Hume’s views on personal identity have not only left his readers dissatisfied. They failed to satisfy Hume himself. The very arguments that Hume has used to explain how we come to believe that causes necessitate their effects, or to believe that we perceive distinct and continuing objects, require him to ascribe certain habitual tendencies and purposes to the human mind; he says that we follow these tendencies, and subscribe to these purposes, to consolidate those natural beliefs about our perceived environment which would otherwise fall before the attacks of the philosophical sceptic. When he turns to examine our belief in the continuing identity of the mind itself, however, he finds it to be as vulnerable to sceptical attacks as our belief in the distinct and continued existence of material objects. But to represent our belief in the continued existence of ourselves as the product of self-deceiving fictions looks, on the face of it, like assuming and denying the belief at one and the same time. The dissatisfactions that Hume and his readers have felt have been deepened by the sense that they concern the viability of his whole epistemological procedure.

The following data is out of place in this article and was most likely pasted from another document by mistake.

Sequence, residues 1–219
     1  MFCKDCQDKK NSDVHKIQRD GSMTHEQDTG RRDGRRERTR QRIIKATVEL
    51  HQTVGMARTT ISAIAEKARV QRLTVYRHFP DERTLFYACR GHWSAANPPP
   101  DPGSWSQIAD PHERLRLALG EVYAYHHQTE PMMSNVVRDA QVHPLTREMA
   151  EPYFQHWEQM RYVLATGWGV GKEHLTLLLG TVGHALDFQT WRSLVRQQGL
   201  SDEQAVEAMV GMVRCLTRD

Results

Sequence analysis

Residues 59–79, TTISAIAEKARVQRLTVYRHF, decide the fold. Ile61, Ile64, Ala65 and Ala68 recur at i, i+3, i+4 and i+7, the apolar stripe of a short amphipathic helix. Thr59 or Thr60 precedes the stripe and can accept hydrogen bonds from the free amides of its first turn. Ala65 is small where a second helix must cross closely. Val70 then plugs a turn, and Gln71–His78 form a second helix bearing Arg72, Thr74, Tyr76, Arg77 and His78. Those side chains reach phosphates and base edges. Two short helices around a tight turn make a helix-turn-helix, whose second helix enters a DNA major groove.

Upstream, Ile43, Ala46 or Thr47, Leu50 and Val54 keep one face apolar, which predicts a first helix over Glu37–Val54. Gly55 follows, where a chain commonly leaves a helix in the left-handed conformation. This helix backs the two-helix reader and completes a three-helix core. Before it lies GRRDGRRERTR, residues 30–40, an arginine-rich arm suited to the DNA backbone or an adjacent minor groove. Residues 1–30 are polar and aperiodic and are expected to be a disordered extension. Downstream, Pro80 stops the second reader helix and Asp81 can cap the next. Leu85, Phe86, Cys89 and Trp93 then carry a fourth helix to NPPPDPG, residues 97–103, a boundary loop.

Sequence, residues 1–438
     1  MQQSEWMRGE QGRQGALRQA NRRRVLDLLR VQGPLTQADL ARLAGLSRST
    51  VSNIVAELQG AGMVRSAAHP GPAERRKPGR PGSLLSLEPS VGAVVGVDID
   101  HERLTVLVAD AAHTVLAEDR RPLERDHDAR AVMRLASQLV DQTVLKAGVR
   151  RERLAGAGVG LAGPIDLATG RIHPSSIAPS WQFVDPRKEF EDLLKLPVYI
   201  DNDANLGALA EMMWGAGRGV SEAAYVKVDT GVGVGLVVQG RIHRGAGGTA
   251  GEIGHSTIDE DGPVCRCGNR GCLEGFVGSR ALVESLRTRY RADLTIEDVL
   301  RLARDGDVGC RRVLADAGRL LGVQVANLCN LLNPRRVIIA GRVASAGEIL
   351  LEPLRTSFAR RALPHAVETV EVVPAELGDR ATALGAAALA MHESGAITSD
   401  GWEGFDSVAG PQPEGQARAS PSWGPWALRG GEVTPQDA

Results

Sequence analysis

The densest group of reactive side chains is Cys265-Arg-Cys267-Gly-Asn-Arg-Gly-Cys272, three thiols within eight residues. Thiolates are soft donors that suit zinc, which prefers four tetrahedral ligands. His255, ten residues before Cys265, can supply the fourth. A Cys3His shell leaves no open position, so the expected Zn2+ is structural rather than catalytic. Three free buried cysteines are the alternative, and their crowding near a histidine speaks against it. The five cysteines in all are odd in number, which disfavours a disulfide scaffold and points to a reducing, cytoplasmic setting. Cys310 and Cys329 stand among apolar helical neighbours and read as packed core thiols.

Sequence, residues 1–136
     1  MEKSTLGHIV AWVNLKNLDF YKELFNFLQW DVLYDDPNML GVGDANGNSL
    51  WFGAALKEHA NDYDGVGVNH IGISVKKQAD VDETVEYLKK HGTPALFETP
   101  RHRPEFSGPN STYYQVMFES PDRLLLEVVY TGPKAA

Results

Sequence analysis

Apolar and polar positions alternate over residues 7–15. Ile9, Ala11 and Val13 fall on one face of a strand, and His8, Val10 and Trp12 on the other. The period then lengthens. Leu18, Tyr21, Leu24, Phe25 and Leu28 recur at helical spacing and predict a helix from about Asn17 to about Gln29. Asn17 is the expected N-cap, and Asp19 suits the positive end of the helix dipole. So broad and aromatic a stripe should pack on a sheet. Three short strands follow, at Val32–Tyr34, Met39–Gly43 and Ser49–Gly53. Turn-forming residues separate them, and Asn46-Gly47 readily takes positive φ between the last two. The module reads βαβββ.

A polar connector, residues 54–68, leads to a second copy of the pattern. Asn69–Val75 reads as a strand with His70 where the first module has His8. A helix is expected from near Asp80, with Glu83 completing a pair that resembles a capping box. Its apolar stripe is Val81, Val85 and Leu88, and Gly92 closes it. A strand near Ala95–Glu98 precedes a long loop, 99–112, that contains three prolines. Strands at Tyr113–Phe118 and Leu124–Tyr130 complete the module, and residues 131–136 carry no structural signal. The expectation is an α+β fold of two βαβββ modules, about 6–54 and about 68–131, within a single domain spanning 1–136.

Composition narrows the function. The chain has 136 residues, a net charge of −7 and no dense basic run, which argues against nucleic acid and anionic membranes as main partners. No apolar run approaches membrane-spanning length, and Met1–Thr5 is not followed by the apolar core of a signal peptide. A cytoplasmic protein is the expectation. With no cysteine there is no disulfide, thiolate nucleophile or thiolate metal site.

KeywordsPersonal Identity Continue Existence Numerical Identity Mental History Real Bond
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